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Book Chapter

Processing of cues from the moving environment in the Drosophila navigation system

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http://pubman.mpdl.mpg.de/cone/persons/resource/persons84662

Götz,  KG
Neurophysiologie des Insektenverhaltens, Max Planck Institute for Biological Cybernetics, Max Planck Society;

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Citation

Götz, K. (1972). Processing of cues from the moving environment in the Drosophila navigation system. In Information Processing in the Visual Systems of Anthropods (pp. 255-263). Berlin, Germany: Springer.


Cite as: http://hdl.handle.net/11858/00-001M-0000-0013-F1EE-8
Abstract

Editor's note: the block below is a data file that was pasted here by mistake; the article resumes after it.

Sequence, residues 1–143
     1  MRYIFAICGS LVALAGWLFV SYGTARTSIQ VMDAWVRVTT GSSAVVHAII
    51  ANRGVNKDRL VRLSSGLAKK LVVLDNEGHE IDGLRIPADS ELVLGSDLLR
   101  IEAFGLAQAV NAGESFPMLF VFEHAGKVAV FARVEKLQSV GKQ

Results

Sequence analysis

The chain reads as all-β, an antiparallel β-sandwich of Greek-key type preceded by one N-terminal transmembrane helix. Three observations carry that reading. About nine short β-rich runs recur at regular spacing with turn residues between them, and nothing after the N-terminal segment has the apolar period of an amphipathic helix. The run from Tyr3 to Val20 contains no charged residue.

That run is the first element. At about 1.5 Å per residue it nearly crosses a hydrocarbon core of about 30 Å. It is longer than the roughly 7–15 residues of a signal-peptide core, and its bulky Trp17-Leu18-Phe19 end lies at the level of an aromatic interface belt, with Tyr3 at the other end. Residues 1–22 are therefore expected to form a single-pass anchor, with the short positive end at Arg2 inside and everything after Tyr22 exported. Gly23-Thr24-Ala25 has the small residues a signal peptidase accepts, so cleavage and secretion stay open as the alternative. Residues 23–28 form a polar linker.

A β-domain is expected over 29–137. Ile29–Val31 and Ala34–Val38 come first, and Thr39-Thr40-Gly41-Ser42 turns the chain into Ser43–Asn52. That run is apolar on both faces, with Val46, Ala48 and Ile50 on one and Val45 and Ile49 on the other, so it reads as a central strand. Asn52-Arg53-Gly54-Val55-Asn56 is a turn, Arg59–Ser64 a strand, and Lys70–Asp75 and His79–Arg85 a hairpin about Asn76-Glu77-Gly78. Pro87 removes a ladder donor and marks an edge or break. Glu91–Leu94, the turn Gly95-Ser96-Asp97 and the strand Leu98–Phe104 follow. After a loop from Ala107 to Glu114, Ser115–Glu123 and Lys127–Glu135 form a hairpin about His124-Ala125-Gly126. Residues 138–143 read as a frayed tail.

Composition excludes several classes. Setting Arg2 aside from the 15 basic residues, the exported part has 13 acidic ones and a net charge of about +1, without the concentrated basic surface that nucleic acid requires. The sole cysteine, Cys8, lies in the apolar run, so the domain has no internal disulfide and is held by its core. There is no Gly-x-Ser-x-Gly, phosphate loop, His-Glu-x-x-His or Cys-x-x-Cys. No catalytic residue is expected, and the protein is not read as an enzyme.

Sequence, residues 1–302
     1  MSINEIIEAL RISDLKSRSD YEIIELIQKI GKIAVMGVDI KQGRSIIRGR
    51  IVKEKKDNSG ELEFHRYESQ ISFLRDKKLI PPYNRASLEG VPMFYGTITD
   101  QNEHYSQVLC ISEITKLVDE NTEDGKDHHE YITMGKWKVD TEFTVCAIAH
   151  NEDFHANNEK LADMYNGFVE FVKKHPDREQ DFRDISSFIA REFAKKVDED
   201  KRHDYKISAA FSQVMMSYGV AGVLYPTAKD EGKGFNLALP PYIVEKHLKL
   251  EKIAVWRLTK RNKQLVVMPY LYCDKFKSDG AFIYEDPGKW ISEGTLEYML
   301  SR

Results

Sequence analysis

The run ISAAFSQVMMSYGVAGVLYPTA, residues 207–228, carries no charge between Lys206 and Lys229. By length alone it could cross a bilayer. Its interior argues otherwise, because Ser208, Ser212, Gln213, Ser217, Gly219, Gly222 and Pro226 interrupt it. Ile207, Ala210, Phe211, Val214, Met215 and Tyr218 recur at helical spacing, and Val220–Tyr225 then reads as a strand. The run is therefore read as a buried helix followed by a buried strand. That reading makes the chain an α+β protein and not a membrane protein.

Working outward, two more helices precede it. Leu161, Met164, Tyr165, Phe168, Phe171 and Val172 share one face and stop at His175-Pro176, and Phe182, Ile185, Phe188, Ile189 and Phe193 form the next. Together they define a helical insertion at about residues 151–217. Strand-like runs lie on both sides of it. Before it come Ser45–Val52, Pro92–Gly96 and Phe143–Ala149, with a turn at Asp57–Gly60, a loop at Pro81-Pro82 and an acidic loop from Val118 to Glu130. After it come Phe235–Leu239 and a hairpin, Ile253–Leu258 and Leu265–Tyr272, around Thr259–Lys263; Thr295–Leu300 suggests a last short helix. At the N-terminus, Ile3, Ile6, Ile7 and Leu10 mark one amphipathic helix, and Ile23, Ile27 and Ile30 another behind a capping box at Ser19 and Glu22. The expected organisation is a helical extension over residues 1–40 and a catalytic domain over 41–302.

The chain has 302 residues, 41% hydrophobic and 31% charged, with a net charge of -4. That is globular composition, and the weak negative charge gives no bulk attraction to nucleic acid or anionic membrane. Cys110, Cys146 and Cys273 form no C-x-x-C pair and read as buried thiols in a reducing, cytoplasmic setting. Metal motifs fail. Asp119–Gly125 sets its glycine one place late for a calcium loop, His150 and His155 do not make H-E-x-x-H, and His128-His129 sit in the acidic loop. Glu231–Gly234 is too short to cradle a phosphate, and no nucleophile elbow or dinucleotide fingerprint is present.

The properties of the navigation system are derived from the open loop optomotor reactions of the fruitfly Drosophila which is either flying or walking under stationary conditions. The horizontal component of a movement stimulus controls the difference of the propulsive forces of legs and wings on either side and enables the freely moving fly to counteract involuntary deviations from a straight course. The vertical component controls the sum of the propulsive forces of the wings and enables the fly to maintain a given level of flight. Different properties of the navigation system are found in normal and mutant fruitflies. Comparative studies of open loop and closed loop behaviour disprove the separation theorem of KALMUS according to which the fly is always minimizing the rotatory component, and maximizing the translatory component, of a movement stimulus. There is evidence that inversion of the rotatory response can be elicited by the translatory component of the stimulus. Interaction of the stimulus components must be considered in order to determine the closed loop responses of the freely moving insect.